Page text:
In vivo recordings of neuronal activity using a fiber photometry system and cardiovascular parameters using a radio-telemetry system

Stereotaxic AAV injection

Surgeries for AAV injections were conducted under isoflurane anesthesia (2%, inhalation) using a stereotaxic instrument (ST-7, NARISHIGE, Tokyo, Japan). A viral mixture consisting of recombinant AAV-tetO(3G)-G-CaMP6 (serotype: DJ; 600 nl/injection, 3 × 1012 copies/ml) and AAV-tetO(3G)-mCherry (serotype: DJ; 600 nl/injection, 6 × 1012 copies/ml) was stereotaxically injected into the right side the hypothalamic perifornical area (PeF) in orexin-tTA mice (Fig. 1A). All AAV used in this article were produced by Yamanaka’s Laboratory at Nagoya University, Japan (Methods of production and purification were described elsewhere [11]). The AAV mixture was injected via an air-pressure injection system (I-200J, NARISHIGE, Tokyo, Japan) connected by polyethylene tube to a glass micropipette that was made from a pulled glass tube (φ1.5 mm, World Precision Instruments, FL, USA) by a puller (Sutter Instrument Novato, CA, USA) and had a tip diameter of 18–22 μm. Injection site was as follows: from bregma anterior 1.5 mm, lateral 0.8 mm, ventral 5.0 mm from the dura.

Implantation of optical fiber for fiber photometry system

Over 2 weeks after viral injection, mice were surgically implanted with a guide cannula (diameter; 600 µm, length of guide; 8 mm, made by LUCIR, Tsukuba, Japan) for placing the optical fiber just above the hypothalamus to record orexin neuronal activity (Fig. 1D). At the start of the surgical procedures, mice were anesthetized with isoflurane (2–3%, inhalation), and placed on a small animal stereotaxic instrument as described previously [11]. A holding fiber with the guide cannula jointed was attached to the stereotaxic instrument. The site of implantation for the guide cannula was as follows: from bregma anterior 1.5 mm, lateral 0.8 mm, ventral 5.0 mm from the dura. During implantation, the fluorescence signal was continuously monitored so that the optimal position of the fiber tip was easily recognized by an abrupt increase of the output signal. The guide cannula was fixed with dental cement (Fuji LUTE BC, GC, Tokyo, Japan), gel-type quick drying glue (LOCTITE 454, Henkel Japan, Yokohama, Japan), and a small anchor screw. After fixation of the guide cannula, the holding fiber was removed from the guide cannula and a dummy fiber was inserted to prevent dust from entering the implanted guide cannula during the recovery period.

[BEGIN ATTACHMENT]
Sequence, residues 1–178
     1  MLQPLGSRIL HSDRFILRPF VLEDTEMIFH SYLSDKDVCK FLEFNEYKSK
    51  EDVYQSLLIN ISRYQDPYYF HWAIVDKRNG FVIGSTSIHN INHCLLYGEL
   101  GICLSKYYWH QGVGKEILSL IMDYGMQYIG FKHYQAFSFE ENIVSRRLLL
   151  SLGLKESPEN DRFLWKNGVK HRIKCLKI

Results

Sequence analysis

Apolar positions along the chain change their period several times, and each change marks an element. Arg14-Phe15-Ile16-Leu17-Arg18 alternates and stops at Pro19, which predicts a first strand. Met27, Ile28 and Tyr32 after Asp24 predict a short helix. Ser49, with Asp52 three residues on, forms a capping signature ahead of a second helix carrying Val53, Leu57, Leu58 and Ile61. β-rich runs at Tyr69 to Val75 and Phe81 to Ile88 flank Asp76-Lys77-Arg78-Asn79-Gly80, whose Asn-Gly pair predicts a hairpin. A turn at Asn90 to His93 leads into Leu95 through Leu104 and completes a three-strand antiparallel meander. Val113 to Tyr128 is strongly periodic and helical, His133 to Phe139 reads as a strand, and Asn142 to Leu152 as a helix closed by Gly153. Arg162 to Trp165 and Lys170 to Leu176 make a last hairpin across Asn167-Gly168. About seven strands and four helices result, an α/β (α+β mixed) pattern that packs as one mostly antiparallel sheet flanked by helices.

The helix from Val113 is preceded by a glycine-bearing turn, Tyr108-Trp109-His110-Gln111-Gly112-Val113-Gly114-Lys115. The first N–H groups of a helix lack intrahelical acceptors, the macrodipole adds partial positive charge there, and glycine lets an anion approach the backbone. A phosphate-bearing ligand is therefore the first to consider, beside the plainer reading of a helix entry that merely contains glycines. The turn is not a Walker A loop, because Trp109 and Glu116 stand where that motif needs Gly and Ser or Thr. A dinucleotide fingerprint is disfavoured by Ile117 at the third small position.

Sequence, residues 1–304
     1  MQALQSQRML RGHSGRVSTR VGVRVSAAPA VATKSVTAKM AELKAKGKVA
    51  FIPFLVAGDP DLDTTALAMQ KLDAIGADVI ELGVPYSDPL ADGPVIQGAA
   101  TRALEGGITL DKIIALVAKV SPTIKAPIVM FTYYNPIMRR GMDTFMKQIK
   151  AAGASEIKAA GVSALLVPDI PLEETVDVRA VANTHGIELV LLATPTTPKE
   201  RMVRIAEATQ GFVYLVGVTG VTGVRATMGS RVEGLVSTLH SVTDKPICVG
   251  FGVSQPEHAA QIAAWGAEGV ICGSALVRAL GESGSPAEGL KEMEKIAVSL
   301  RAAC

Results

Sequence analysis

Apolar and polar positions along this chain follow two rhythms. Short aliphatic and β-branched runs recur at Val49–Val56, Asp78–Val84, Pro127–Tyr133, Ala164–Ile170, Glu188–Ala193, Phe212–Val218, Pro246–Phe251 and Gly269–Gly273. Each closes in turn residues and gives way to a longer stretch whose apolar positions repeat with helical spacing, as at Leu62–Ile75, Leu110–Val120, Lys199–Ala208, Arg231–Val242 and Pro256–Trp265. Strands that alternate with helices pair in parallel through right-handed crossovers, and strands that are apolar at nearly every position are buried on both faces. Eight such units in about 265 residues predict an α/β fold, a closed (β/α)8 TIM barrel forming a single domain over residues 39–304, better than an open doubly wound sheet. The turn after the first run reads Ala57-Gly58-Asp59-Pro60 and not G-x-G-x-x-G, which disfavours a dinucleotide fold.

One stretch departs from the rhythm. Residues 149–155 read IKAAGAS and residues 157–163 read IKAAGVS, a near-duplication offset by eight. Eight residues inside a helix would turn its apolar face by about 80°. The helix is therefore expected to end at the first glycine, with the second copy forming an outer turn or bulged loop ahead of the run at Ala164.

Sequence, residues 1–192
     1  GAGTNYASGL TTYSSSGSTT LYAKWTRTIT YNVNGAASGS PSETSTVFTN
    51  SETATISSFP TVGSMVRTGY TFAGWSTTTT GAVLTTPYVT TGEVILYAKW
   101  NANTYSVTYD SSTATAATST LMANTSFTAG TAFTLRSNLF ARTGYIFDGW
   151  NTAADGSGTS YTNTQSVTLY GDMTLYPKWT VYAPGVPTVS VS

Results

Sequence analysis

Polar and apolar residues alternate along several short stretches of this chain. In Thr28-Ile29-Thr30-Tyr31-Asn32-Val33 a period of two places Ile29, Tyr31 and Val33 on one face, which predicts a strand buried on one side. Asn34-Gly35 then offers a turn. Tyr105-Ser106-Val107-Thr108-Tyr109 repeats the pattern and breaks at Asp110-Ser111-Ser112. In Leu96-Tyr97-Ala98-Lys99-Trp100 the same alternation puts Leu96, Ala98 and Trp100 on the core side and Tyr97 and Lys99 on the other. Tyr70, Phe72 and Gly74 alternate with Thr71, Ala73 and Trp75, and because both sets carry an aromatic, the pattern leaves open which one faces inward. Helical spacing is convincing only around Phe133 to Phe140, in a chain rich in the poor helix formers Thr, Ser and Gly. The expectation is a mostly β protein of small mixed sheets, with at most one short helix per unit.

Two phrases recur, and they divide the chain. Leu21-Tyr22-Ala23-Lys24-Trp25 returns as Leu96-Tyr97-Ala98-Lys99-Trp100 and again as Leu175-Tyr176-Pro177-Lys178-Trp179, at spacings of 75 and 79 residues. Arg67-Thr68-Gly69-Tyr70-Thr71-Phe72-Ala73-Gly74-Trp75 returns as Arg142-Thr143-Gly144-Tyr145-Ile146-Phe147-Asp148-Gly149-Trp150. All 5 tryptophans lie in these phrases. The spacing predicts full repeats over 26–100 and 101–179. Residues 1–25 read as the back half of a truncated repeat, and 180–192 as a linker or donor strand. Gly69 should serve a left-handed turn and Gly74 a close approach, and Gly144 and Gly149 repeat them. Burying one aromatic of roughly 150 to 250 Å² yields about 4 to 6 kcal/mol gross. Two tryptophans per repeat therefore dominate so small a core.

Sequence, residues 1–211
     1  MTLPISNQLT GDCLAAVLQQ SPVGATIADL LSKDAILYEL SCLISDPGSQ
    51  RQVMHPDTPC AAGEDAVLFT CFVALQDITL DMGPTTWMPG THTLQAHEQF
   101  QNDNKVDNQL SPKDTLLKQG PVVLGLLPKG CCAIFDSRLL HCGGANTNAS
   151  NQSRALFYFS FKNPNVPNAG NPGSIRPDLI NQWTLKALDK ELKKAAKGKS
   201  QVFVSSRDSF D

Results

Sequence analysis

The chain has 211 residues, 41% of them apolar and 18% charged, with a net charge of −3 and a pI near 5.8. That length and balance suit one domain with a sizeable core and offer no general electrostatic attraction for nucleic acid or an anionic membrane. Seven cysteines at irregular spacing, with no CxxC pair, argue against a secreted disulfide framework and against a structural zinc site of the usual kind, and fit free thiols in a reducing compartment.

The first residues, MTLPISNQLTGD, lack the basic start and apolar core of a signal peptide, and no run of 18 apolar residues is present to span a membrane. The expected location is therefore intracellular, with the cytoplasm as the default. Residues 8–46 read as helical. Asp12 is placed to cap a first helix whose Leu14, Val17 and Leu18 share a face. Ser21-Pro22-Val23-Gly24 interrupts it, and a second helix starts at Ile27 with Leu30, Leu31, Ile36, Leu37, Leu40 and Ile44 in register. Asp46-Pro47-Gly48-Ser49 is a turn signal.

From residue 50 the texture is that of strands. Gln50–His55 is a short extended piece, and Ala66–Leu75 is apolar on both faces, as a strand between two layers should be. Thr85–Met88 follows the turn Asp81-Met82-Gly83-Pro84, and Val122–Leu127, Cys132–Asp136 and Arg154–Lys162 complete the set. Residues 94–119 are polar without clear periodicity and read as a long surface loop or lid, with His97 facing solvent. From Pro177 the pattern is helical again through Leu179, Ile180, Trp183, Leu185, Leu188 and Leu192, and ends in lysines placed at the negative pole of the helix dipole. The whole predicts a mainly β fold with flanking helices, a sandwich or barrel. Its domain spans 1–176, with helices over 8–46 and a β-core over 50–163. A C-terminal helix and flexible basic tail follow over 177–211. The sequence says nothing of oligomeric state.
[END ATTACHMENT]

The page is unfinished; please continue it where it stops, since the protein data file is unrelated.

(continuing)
Implantation of the transducer for the radio-telemetry system

Immediately after performing the guide cannula implantation, an additional implantation surgery was performed on the mice. To measure heart rate and body temperature, we used a radio-telemetry system (Data Sciences International, St. Paul, MN, USA). This system consists of a radio-frequency transducer (TA11PA-C20) and a receiver (RLA1020). The body of the transmitter was implanted into the abdominal cavity. The paired insulated leads from the abdominal cavity were placed subcutaneously in the chest. Using a non-absorbable suture, the positive electrode (+) of the lead, which was placed in the left abdomen below the heart, was anchored to the inside of the skin. The negative electrode (−) of the lead, which was placed in the right upper chest, was anchored to the skin. Subsequently, the incision in the skin and peritoneum were sutured. A temperature sensor in the body of the transmitter allowed the abdominal temperature to also be measured. During all surgeries, care was taken to maintain body temperature. After surgeries, mice were treated with penicillin and an analgesic, buprenorphine. For recovery, mice were individually housed and monitored and had access to food and water ad libitum for at least 1 week.